PJ: Since I’ve been on the board, I’ve started to make a point to go to the year-end readings by WITS students at the Seattle Public Library in May. It’s amazing to me that such beautiful poetry can come out of young people who have yet to really experience much of life as adults view it. I’m in awe of people who can tap into their innermost feelings with poetry and, even to this day, several of those poems stick with me. These poems are about things most of us just couldn’t fathom—they express these moving, personal experiences that these kids and teenagers have had. It’s not all so emotional—there are some happy poems, too—but it just runs the gamut.
ST: What is a book you remember reading from your childhood that affected you?
I would have to say Heidi. It’s a book that all girls read. That book takes place in the Alps—I have family in that part of the world—and reading that book helped me feel closer to those family members, like my grandparents whom I rarely got to see. I loved reading about the featherbeds, and the mountain flowers, and the woods. In the book, Heidi is taken from her mountain home to be a friend to a girl with disabilities named Clara, who lives in Frankfurt, and she is taken away from her grandfather. I just loved reading it. It just kept me.
ST: What are you reading now? What is on your nightstand?
PJ: I am almost done with The Prize by Jill Bialosky. It’s about an art gallerist and his prize artist. All kinds of relationships are falling apart in this book. His marriage, his relationship with his star artist. He’s meeting all these women from his past, and he says, “Oh God, what am I doing?” And, it has this huge cast of fascinating characters. After that, I’m going to read Best Boy by Eli Gottlieb.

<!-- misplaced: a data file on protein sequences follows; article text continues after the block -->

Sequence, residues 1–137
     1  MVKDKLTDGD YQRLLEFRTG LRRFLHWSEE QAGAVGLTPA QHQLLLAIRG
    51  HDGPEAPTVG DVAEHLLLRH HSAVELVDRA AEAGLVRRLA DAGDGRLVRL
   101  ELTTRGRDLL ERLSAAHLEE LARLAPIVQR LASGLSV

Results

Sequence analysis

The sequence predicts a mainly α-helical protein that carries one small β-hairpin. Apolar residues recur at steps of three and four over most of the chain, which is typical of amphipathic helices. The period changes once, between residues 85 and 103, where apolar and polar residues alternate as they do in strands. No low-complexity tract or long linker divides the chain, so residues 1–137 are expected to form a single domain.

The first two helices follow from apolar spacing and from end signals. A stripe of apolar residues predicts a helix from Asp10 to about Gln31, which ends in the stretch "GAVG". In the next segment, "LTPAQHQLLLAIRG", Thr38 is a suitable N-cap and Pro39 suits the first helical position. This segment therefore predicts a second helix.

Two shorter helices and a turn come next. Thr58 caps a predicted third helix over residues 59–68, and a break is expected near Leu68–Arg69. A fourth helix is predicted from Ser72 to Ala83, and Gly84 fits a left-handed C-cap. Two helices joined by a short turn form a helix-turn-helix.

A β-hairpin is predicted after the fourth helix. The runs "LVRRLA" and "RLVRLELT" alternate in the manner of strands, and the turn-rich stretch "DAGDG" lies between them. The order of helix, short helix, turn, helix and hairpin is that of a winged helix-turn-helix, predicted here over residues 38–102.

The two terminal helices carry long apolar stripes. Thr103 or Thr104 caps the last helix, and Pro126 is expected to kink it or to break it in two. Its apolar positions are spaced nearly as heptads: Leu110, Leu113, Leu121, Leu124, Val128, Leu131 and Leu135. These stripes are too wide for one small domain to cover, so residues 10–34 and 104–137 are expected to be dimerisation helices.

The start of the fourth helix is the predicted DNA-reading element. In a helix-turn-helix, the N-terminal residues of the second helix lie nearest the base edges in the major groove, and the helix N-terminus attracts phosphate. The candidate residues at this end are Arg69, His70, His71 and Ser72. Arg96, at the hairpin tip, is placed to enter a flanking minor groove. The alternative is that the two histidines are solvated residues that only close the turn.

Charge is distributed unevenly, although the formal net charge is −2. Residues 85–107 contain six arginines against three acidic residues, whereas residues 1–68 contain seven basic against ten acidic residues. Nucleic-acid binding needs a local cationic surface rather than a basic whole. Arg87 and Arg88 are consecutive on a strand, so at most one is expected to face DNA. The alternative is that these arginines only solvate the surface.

But, I have to tell you, I’m kind of cheating, because the real top of my stack is Lapham’s Quarterly—their fashion issue. The other night I read about a Japanese gentleman who really invented the Ivy Style. In1950s-era Japan, it was really hard to get those styles made. Because this designer didn’t have the patterns or the material goods, he had to rummage through discarded piles of G.I. clothing—Khakis, and neckties, and Seersucker jackets. And, he tried to copy those styles.
ST: What is the need for readers and writers now?
PJ: I think that everyone has a story to get out, even if they’re not writers. I told you that when we first sat down, I am not a writer, and I never will be. But, I have an amazing story in my head that centers on someone I met a few years ago, who happens to be a professor at Notre Dame. He was a former sniper for the Yugoslavian army. And now, he’s living in the United States teaching physics! So I just thought, that’s an amazing story.
The other part of why writers are important is writers who can really develop their characters serve a purpose in allowing us, as readers, to identify with so many more people than we meet face to face. I mean, how many characters have we read, thinking, “Oh, my gosh. This is an amazing person, I completely identify with this person.”
My advice for readers is, if you have a passion, dive into that passion. My son just devours books. He reads philosophy. He works in investment banking, but when he comes home, he just reads all of these books that get him thinking, how does this apply to my daily environment? Reading is the best opportunity for people become more knowledgeable about their passions.